3. The 4-aminocarbazole compound according to claim 1, wherein R1 through R7 independently represent a phenyl group, a methylphenyl group, a methoxyphenyl group, a biphenylyl group, a dibenzothienyl group, a dibenzofuranyl group, a methyl group, a methoxy group or a hydrogen atom.

4. The 4-aminocarbazole compound according to claim 1, wherein R1 through R7 independently represent a phenyl group, a methylphenyl group, a methoxyphenyl group or a hydrogen atom.

5. The 4-aminocarbazole compound according to claim 1, wherein R4, R5, R6 and R7 represent a hydrogen atom.

6. The 4-aminocarbazole compound according to claim 1, wherein R1, R2, R4, R5, R6 and R7 represent a hydrogen atom.

7. The 4-aminocarbazole compound according to claim 1, wherein Ar1 through Ar4 independently represent an aryl group having 6 to 30 carbon atoms, a dibenzothienyl group, a dibenzofuranyl group, a 4-carbazolyl group, a dibenzofuranylphenyl group or a dibenzothienylphenyl group or a 9-carbazolylphenyl group, and these groups may independently have at least one substituent selected from the group consisting of a methyl group, an ethyl group, a straight, branched or cyclic alkyl group having 3 to 18 carbon atoms, a methoxy group, an ethoxy group, a straight, branched or cyclic alkoxy group having 3 to 18 carbon atoms, an aryl group having 6 to 30 carbon atoms and a heteroaryl group having 3 to 11 carbon atoms.

8. The 4-aminocarbazole compound according to claim 1, wherein Ar1 through Ar4 independently represent a phenyl group, a biphenylyl group, a terphenylyl group, a fluorenyl group, a benzofluorenyl group, a dibenzothienyl group, a dibenzofuranyl group, a dibenzofuranylphenyl group, a dibenzothienylphenyl group or a 9-carbazoylphenyl group, and these groups may independently have at least one substituent selected from the group consisting of a methyl group, an ethyl group, a straight, branched or cyclic alkyl group having 3 to 18 carbon atoms, a methoxy group, an ethoxy group and a straight, branched or cyclic alkoxy group having 3 to 18 carbon atoms; or Ar1 through Ar4 independently represent a 4-carbazolyl group which may independently have at least one substituent selected from the group consisting of a methyl group, an ethyl group, a straight, branched or cyclic alkyl group having 3 to 18 carbon atoms, a methoxy group, an ethoxy group, a straight, branched or cyclic alkoxy group having 3 to 18 carbon atoms, an aryl group having 6 to 30 carbon atoms and a heteroaryl group having 3 to 11 carbon atoms.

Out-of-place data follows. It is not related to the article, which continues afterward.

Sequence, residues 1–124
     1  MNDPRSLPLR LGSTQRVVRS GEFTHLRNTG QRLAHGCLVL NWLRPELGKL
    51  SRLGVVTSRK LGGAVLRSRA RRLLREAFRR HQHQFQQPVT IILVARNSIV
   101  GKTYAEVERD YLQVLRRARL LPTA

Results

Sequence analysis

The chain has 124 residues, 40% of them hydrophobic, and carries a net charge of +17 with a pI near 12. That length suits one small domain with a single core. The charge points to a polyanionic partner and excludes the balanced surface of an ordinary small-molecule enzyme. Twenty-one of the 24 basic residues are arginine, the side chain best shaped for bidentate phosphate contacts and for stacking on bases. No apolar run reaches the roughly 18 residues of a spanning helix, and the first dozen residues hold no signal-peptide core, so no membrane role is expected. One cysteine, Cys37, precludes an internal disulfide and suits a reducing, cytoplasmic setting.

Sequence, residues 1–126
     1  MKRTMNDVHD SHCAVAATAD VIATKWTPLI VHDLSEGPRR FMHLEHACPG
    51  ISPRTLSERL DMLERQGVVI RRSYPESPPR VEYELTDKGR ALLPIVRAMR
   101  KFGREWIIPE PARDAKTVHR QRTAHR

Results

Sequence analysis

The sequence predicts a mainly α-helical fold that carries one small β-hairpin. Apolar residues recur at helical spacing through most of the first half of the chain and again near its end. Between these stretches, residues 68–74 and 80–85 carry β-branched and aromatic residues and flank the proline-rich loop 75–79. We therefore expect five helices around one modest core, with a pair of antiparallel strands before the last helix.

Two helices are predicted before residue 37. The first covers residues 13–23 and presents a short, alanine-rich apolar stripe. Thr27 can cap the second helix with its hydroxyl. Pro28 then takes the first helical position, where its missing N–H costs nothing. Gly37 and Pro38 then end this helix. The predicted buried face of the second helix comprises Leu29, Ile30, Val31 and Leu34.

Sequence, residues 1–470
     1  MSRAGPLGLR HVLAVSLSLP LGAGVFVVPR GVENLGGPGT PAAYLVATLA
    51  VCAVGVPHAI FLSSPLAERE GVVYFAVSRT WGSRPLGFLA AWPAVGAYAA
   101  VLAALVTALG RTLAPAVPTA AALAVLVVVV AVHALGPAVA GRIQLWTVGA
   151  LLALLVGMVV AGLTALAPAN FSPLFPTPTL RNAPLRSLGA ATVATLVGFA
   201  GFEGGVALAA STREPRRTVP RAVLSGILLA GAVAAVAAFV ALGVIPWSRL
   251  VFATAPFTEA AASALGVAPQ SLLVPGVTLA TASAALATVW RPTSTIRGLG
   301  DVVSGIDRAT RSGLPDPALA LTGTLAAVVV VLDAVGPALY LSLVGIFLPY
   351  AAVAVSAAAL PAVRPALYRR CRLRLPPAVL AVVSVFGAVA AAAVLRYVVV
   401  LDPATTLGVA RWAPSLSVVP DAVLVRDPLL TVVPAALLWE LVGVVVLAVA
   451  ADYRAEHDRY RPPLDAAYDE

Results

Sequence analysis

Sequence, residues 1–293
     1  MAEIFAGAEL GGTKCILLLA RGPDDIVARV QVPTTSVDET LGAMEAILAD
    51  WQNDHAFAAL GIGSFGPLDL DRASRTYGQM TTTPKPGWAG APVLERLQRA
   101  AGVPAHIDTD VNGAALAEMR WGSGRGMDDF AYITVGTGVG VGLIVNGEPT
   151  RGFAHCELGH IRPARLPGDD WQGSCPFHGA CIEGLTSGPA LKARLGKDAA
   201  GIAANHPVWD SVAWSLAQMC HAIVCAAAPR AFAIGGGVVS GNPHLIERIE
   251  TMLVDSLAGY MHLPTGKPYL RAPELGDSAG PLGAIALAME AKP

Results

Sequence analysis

9. The 4-aminocarbazole compound according to claim 1, wherein Ar1 through Ar4 independently represent a phenyl group, a methylphenyl group, a methoxyphenyl group, a biphenylyl group, a terphenylyl group, a 9,9′-dimethylfluorenyl group, a 11,11′-dimethylbenzo[a]fluorenyl group, a dibenzothienyl group, a dibenzofuranyl group, a dibenzothienylphenyl group, a 4-(9-carbazoyl)phenyl group, a 9-phenylcarbazol-4-yl group, a 9-biphenylylcarbazol-4-yl group, a 9-quinolylcarbazol-4-yl group or a 9-dibenzothienylcarbazol-4-yl group.

10. The 4-aminocarbazole compound according to claim 1, wherein X represents an aromatic group selected from the group consisting of (n+1)-valent benzene, (n+1)-valent biphenyl, (n+1)-valent naphthalene, (n+1)-valent phenanthrene, (n+1)-valent fluorene, (n+1)-valent naphthylbenzene, (n+1)-valent pyridine, (n+1)-valent pyrimidine, (n+1)-valent 1,3,5-triazine, (n+1)-valent quinoline, (n+1)-valent dibenzothiophene, (n+1)-valent dibenzofuran, (n+1)-valent pyridylbenzene, (n+1)-valent imidazolylbenzene, (n+1)-valent benzoimidazolylbenzene and (n+1)-valent benzothiazolylbenzene, and these aromatic groups may independently have at least one substituent selected from the group consisting of a methyl group, an ethyl group, a straight, branched or cyclic alkyl group having 3 to 18 carbon atoms, a methoxy group, an ethoxy group and a straight, branched or cyclic alkoxy group having 3 to 18 carbon atoms, an aryl group having 6 to 12 carbon atoms, a heteroaryl group having 3 to 20 carbon atoms, a cyano group and a halogen atom.

11. The 4-aminocarbazole compound according to claim 1, wherein X represents an aromatic group selected from the group consisting of (n+1)-valent benzene, (n+1)-valent biphenyl, (n+1)- valent quinoline, (n+1)-valent dibenzothiophene, (n+1)-valent 1,3,5-triazine and (n+1)-valent pyridylbenzene, and these aromatic groups may independently have at least one substituent selected from the group consisting of a methyl group, an ethyl group, a straight, branched or cyclic alkyl group having 3 to 18 carbon atoms, a methoxy group, an ethoxy group and a straight, branched or cyclic alkoxy group having 3 to 18 carbon atoms, an aryl group having 6 to 12 carbon atoms, a cyano group and a halogen atom.

12. The 4-aminocarbazole compound according to claim 1, wherein X represents (n+1)-valent benzene, (n+1)-valent biphenyl, (n+1)-valent quinoline, (n+1)-valent dibenzothiophene, (n+1)-valent 2,4-diphenyl-1,3,5-triazine or (n+1)-valent pyridylbenzene.

13. The 4-aminocarbazole compound according to claim 1, wherein n represents an integer of 0 or 1.

14. An organic electroluminescent device having at least one layer selected from the group consisting of a luminescent layer, a hole transport layer and a hole injection layer, said at least one layer comprising a 4-aminocarbazole compound as claimed in claim 1.